< Back to Ideas

January 7th, 2019

Time Economy // Part II: Design with a Capital D

BY Stoke Strategy

Ask someone to define “design” and they’ll typically describe it in elementary terms. The more right-brain emotive types lean toward aesthetics – how something appears or appeals to the senses. The left-brain analytical types orient toward functionality – how well something performs for its intended purpose. Look for a definition in a dictionary and you won’t be any more impressed.

But these definitions lack the richness or prismatic quality that the discipline of “Design” has come to mean. More than a handsome communication piece, or a pragmatic product feature, strategic Design is a deeper – increasingly essential – core competency.

Today’s most clever and successful organizations embrace Design – with a capital D – as the foundation for creating value for customers.

So to communicate that potential, we felt compelled to create our own definition:

Design = The Concentration of Value in Time.

The Marketer’s Search for Value

At its core, marketing is about satisfying customer needs. But most companies think of customer satisfaction in an arithmetic of usefulness vs. financial cost.

So they raise utility by enhancing features, expanding access and increasing variety. Diet Coke extends to Diet Cherry Coke. A Starbucks on one end of the mall becomes a Starbucks on both ends. Your McEggwich now includes a free coffee when you use the app.  

They then obsess to shave costs, create channel efficiency and tap cheaper suppliers. But in a global economy, cost advantages perpetually alternate between providers. And with the transparency of the Internet, there are few barriers to discovering more utility, for less money.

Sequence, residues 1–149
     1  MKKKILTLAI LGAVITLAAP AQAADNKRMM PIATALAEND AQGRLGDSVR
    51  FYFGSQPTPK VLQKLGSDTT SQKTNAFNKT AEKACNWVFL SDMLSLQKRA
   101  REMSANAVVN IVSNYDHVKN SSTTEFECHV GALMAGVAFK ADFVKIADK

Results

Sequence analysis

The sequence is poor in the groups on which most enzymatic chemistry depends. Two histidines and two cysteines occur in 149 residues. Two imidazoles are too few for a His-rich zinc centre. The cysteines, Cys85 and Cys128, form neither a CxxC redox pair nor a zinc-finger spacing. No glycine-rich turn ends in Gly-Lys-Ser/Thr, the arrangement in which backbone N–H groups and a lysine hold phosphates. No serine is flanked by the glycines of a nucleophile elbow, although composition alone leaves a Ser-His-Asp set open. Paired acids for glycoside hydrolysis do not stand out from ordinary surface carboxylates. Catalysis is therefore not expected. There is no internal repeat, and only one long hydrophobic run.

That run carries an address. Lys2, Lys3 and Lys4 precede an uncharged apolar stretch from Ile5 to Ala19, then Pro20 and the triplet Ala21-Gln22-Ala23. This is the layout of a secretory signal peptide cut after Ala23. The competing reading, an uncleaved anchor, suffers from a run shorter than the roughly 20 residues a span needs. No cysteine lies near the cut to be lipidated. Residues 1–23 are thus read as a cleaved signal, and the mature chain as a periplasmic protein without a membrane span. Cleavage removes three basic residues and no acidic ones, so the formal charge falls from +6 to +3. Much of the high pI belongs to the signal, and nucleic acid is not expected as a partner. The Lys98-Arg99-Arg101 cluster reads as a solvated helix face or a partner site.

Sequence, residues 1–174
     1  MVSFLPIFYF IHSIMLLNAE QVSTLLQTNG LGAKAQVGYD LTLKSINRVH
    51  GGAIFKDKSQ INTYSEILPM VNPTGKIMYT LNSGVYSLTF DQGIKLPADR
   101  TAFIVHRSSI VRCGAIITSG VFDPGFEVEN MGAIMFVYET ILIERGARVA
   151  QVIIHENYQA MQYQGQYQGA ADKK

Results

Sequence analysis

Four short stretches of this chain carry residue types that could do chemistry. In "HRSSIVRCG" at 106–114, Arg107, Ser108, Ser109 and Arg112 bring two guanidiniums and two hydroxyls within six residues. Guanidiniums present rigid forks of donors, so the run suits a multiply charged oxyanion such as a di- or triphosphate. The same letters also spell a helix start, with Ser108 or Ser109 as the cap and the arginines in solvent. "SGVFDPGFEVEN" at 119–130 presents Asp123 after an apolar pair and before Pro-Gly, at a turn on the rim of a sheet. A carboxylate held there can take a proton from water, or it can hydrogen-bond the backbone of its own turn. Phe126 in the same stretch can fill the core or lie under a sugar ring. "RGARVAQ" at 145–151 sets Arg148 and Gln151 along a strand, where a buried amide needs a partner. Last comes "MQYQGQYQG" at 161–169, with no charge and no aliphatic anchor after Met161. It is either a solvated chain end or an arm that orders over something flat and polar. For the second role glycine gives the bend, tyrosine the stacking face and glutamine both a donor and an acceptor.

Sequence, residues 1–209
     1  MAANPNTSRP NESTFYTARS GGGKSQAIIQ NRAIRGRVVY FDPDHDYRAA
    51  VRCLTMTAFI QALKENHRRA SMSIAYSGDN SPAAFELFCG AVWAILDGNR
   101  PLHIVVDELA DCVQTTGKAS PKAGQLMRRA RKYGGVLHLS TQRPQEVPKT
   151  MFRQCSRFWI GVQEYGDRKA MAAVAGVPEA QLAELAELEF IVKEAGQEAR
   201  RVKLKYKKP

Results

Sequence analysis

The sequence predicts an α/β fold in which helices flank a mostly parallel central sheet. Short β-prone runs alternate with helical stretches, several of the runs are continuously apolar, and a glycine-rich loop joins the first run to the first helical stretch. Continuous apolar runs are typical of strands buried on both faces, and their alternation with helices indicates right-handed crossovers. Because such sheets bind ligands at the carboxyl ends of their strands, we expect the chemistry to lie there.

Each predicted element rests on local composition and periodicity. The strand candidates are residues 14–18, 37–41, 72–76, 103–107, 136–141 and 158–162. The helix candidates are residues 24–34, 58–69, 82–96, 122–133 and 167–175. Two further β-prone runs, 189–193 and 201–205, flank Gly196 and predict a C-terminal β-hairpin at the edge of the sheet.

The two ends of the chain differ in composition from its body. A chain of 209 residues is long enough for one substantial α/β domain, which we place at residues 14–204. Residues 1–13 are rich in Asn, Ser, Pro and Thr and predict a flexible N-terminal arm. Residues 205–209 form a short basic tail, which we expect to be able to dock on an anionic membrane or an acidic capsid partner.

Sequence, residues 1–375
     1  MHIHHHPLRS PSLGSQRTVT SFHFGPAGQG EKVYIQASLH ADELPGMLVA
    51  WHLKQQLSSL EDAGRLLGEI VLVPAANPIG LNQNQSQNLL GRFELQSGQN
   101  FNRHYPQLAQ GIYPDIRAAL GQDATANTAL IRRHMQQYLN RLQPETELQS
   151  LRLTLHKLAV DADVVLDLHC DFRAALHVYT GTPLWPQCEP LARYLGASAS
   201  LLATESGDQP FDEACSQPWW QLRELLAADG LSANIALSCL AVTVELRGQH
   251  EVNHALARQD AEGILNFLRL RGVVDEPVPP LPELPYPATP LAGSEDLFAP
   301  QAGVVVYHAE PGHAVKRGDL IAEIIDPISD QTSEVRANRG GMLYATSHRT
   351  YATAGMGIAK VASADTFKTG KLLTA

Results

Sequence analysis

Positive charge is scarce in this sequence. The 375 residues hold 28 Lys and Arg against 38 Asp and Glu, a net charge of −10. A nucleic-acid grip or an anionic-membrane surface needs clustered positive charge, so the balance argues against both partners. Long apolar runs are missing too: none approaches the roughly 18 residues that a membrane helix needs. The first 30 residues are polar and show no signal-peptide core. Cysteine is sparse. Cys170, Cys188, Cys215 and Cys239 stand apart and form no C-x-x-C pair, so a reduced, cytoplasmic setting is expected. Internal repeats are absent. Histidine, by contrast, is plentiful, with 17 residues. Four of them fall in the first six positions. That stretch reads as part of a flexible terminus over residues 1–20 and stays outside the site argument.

When value creation is organization-centric – focused on product and service expansion and iterative improvement – you’re stuck playing leapfrog with your competitors, temporarily jumping to the front – then quickly getting jumped over. Advantages become incremental and fleeting. Brand relationships become fickle.

The Key to New Value

Previously we’ve introduced the dynamic of the ‘Time Economy.’ Consumers are saturated in information, over-supplied with endless array of options, and with little ability to make sense of it all. In our accelerated, technology-infused lives, what we value most is time.

Price is just one consideration in a world where people’s time is increasingly squeezed and frustratingly finite. So, today’s marketers are challenged to concentrate more value in customers’ time. (Enter, Design.)

The foundational skill of design is empathy, a customer-centrism. So when you flip the script, and put what customers value – time – at the center of discussions, you’ll reliably find design opening new avenues to innovation.

When something is well designed, it adds value with respect to the time we spend with it. It makes things simple or operates with human intuition. It may be stunningly beautiful or quietly handsome. It helpfully anticipates your needs, enriches your senses, or leaves you more informed, engaged or fulfilled.